@ the library

2.17.2016

It's Wednesday, and there are treats!

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Today's treats are brought to you by Katie Hembrough and Lori Eubank. Come on down to the library for breakfast casseroles, a selection of muffins, and oatmeal!

NEW BOOKS, AVAILABLE NOW!

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Award-winning journalist Barbara Demick follows the lives of six North Korean citizens over fifteen years--a chaotic period that saw the death of Kim Il-sung, the rise to power of his son Kim Jong-il, and a devastating famine that killed one-fifth of the population. Demick brings to life what it means to be living under the most repressive totalitarian regime today--an Orwellian world that is by choice not connected to the Internet, where displays of affection are punished, informants are rewarded, and an offhand remark can send a person to the gulag for life. Demick takes us deep inside the country, beyond the reach of government censors, and through meticulous and sensitive reporting we see her subjects fall in love, raise families, nurture ambitions, and struggle for survival. One by one, we witness their profound, life-altering disillusionment with the government and their realization that, rather than providing them with lives of abundance, their country has betrayed them.
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The solar system most of us grew up with included nine planets, with Mercury closest to the sun and Pluto at the outer edge. Then, in 2005, astronomer Mike Brown made the discovery of a lifetime: a tenth planet, Eris, slightly bigger than Pluto. But instead of adding one more planet to our solar system, Brown's find ignited a firestorm of controversy that culminated in the demotion of Pluto from real planet to the newly coined category of "dwarf" planet. Suddenly Brown was receiving hate mail from schoolchildren and being bombarded by TV reporters--all because of the discovery he had spent years searching for and a lifetime dreaming about. A heartfelt and personal journey filled with both humor and drama, How I Killed Pluto and Why It Had It Coming is the book for anyone, young or old, who has ever imagined exploring the universe--and who among us hasn't?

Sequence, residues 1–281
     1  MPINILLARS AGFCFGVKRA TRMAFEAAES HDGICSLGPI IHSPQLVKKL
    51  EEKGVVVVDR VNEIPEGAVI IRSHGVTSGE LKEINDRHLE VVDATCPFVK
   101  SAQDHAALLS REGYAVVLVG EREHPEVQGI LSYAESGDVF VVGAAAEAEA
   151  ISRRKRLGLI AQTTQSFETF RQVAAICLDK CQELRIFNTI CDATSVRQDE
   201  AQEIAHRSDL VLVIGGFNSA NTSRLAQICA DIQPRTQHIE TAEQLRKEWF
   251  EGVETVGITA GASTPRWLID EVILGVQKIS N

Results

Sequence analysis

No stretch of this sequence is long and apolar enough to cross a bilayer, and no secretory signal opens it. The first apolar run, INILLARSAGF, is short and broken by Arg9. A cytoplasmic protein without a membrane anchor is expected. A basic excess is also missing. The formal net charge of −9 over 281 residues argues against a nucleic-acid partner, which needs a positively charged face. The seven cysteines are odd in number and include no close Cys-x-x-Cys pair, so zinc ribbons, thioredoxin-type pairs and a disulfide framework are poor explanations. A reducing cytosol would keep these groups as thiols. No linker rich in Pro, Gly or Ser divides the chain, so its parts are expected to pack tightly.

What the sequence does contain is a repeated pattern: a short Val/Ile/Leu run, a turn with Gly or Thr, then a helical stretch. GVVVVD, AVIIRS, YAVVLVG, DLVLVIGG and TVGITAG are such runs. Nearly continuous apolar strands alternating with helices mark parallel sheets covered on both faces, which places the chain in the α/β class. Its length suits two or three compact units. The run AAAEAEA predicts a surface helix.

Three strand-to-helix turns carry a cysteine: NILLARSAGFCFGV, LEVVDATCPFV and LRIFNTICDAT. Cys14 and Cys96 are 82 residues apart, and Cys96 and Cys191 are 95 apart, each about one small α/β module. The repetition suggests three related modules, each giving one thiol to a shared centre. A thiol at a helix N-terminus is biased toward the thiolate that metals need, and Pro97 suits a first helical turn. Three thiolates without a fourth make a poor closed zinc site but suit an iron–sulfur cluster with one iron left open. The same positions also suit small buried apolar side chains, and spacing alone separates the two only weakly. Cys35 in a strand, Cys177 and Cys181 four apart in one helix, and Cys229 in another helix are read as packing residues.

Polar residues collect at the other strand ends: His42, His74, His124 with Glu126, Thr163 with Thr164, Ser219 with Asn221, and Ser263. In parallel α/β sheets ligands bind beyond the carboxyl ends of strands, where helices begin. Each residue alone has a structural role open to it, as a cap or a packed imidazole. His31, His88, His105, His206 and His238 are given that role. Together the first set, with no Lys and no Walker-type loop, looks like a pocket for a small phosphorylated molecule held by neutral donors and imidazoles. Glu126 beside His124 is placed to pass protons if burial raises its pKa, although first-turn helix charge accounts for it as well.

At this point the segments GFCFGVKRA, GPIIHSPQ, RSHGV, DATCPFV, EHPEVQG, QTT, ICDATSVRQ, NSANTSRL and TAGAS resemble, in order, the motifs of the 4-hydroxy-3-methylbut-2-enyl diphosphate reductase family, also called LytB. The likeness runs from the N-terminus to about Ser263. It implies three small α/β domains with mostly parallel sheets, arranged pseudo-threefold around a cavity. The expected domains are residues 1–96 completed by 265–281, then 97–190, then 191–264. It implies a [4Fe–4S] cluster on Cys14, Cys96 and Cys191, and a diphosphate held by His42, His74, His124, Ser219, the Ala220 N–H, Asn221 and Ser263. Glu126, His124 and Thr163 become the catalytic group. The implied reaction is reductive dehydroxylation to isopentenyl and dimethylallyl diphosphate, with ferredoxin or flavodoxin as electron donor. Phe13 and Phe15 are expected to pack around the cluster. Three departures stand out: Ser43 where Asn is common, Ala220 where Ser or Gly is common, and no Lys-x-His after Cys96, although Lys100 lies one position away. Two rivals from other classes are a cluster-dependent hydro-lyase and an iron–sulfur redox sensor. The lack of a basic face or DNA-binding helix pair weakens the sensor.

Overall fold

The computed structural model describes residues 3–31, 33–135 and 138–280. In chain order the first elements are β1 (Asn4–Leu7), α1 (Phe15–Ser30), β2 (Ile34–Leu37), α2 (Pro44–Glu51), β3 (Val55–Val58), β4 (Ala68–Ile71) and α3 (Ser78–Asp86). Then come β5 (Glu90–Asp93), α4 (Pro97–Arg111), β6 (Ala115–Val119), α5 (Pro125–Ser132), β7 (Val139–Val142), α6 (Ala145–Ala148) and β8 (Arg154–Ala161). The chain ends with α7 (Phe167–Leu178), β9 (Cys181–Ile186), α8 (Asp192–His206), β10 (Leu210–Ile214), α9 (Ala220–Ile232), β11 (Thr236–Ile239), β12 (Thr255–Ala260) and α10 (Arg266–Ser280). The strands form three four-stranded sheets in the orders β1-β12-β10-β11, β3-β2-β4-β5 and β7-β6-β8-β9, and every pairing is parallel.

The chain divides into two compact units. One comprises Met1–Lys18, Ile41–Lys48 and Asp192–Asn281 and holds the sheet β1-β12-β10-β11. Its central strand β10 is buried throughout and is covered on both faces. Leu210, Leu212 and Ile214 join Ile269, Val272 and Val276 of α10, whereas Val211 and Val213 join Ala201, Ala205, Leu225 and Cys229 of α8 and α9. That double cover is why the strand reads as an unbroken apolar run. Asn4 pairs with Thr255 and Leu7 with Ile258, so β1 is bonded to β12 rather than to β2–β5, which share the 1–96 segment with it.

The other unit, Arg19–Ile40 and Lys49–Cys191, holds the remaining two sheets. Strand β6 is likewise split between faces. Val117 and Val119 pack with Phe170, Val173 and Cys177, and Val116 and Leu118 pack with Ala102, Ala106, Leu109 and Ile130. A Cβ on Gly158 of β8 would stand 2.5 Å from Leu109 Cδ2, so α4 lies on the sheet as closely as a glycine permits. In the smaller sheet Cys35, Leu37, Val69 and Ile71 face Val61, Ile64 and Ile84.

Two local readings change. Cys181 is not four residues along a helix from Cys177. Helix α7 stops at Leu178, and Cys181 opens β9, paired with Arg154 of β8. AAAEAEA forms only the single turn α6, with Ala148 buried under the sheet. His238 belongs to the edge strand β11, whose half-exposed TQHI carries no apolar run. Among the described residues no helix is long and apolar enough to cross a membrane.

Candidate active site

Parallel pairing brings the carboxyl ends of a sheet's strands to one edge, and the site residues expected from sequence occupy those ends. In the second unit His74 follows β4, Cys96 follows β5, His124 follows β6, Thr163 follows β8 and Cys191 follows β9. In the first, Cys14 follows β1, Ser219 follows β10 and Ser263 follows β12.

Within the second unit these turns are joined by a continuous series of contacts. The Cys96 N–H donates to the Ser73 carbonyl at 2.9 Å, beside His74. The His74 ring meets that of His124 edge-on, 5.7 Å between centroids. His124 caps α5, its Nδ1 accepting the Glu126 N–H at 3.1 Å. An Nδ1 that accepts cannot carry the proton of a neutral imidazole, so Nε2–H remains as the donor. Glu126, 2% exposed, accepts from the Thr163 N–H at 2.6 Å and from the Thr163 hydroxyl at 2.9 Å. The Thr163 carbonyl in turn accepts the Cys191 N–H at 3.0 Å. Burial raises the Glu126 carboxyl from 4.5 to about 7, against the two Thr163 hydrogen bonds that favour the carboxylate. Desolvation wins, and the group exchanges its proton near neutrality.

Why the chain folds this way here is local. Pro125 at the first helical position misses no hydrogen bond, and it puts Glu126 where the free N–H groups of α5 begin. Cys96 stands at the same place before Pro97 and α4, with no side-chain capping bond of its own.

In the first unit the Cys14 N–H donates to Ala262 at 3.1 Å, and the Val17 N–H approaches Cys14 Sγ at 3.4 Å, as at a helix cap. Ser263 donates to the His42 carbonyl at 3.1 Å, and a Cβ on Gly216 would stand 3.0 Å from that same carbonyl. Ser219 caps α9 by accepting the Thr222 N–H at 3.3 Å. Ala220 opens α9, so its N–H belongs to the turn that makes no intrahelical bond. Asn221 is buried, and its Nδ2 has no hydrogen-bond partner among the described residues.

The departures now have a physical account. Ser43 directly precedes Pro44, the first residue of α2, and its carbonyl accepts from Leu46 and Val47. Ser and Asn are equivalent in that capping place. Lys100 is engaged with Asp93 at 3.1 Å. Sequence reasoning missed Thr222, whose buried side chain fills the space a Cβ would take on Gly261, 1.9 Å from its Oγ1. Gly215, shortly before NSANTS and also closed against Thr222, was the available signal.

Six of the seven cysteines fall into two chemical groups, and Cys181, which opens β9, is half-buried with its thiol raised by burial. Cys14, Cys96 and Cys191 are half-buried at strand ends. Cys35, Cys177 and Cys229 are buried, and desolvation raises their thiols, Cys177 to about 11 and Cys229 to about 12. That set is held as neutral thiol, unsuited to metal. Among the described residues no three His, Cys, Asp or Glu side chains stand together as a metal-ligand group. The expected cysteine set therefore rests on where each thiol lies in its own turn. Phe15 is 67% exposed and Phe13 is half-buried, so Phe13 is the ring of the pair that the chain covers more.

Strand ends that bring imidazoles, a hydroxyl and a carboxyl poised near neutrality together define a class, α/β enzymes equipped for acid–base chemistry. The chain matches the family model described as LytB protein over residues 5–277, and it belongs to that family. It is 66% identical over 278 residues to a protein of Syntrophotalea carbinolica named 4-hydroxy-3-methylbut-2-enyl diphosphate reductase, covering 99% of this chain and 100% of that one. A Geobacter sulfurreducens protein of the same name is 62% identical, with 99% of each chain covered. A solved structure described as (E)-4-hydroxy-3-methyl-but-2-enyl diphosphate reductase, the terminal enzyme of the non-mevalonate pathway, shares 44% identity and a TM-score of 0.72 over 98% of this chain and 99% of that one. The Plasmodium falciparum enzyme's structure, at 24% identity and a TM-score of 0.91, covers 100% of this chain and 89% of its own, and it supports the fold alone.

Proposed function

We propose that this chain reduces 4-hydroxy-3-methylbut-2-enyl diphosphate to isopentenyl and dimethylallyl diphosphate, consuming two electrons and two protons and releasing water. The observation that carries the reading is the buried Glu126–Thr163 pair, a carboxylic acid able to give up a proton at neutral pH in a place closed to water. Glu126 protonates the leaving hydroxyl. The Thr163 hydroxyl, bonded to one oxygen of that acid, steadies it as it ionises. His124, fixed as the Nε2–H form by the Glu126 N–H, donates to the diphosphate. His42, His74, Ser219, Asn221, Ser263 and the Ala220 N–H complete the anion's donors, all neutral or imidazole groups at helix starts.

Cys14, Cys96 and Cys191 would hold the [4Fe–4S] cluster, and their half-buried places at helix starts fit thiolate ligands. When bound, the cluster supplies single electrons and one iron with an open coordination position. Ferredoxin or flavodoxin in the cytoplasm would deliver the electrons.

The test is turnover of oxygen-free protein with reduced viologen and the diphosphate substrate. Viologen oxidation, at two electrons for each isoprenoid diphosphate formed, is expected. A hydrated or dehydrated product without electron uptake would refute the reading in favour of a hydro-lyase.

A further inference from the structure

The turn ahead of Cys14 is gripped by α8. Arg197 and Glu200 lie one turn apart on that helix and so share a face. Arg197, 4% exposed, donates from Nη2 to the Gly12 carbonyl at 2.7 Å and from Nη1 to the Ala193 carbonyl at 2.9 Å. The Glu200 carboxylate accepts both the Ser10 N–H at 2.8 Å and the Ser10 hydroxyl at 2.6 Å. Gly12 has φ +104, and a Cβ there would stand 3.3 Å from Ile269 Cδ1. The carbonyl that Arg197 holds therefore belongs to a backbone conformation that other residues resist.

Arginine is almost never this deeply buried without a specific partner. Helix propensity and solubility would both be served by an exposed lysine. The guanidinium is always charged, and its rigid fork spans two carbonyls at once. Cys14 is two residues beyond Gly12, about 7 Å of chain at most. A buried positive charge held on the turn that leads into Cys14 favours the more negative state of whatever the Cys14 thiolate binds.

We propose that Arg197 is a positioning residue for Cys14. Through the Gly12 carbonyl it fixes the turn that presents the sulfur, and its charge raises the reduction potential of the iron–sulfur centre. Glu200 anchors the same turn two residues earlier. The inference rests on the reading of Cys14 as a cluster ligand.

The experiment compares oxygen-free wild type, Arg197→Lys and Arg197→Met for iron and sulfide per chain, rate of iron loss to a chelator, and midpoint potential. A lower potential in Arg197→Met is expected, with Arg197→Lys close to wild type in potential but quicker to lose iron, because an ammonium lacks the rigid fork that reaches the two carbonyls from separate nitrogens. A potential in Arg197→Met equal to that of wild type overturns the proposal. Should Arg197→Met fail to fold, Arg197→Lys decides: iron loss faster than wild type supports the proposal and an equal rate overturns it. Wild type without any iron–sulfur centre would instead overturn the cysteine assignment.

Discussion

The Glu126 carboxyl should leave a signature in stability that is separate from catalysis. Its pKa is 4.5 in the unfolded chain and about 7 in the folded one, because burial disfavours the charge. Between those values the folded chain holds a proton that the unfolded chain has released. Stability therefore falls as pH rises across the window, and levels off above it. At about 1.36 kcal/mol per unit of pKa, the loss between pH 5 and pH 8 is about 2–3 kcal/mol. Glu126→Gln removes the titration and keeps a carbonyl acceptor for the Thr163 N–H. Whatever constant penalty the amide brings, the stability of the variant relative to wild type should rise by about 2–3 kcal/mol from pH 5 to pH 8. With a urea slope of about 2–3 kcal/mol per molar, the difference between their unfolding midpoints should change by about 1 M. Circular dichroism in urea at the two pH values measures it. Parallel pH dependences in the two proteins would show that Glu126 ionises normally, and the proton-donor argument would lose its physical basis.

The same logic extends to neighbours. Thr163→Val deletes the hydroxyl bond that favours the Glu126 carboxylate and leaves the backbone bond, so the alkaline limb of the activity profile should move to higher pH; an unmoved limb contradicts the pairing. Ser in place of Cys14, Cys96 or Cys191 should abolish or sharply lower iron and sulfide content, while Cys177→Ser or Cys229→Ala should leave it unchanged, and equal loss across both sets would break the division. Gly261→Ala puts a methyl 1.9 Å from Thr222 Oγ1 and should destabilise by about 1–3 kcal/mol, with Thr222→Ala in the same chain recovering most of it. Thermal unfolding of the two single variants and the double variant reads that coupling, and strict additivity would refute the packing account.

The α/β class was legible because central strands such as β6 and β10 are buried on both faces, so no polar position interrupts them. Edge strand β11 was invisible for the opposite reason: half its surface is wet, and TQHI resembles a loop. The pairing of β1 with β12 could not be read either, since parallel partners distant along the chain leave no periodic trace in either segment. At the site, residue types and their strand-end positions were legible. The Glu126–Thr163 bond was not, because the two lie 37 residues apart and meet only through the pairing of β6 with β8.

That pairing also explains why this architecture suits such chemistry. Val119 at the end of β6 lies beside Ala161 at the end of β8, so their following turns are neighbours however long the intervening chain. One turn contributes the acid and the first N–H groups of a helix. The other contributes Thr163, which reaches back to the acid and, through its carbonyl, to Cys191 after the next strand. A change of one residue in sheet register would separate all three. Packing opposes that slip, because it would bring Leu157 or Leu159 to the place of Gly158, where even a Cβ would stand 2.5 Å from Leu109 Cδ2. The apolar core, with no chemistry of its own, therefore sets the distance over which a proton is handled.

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From admired historian--and coiner of one of feminism's most popular slogans--Laurel Thatcher Ulrich comes an exploration of what it means for women to make history. In 1976, in an obscure scholarly article, Ulrich wrote, "Well behaved women seldom make history."Today these words appear on t-shirts, mugs, bumper stickers, greeting cards, and all sorts of Web sites and blogs. Ulrich explains how that happened and what it means by looking back at women of the past who challenged the way history was written. She ranges from the fifteenth-century writer Christine de Pizan, who wrote The Book of the City of Ladies, to the twentieth century's Virginia Woolf, author of A Room of One's Own. Ulrich updates their attempts to reimagine female possibilities and looks at the women who didn't try to make history but did. And she concludes by showing how the 1970s activists who created "second-wave feminism" also created a renaissance in the study of history.

Thanks for reading! - Jessica Hinman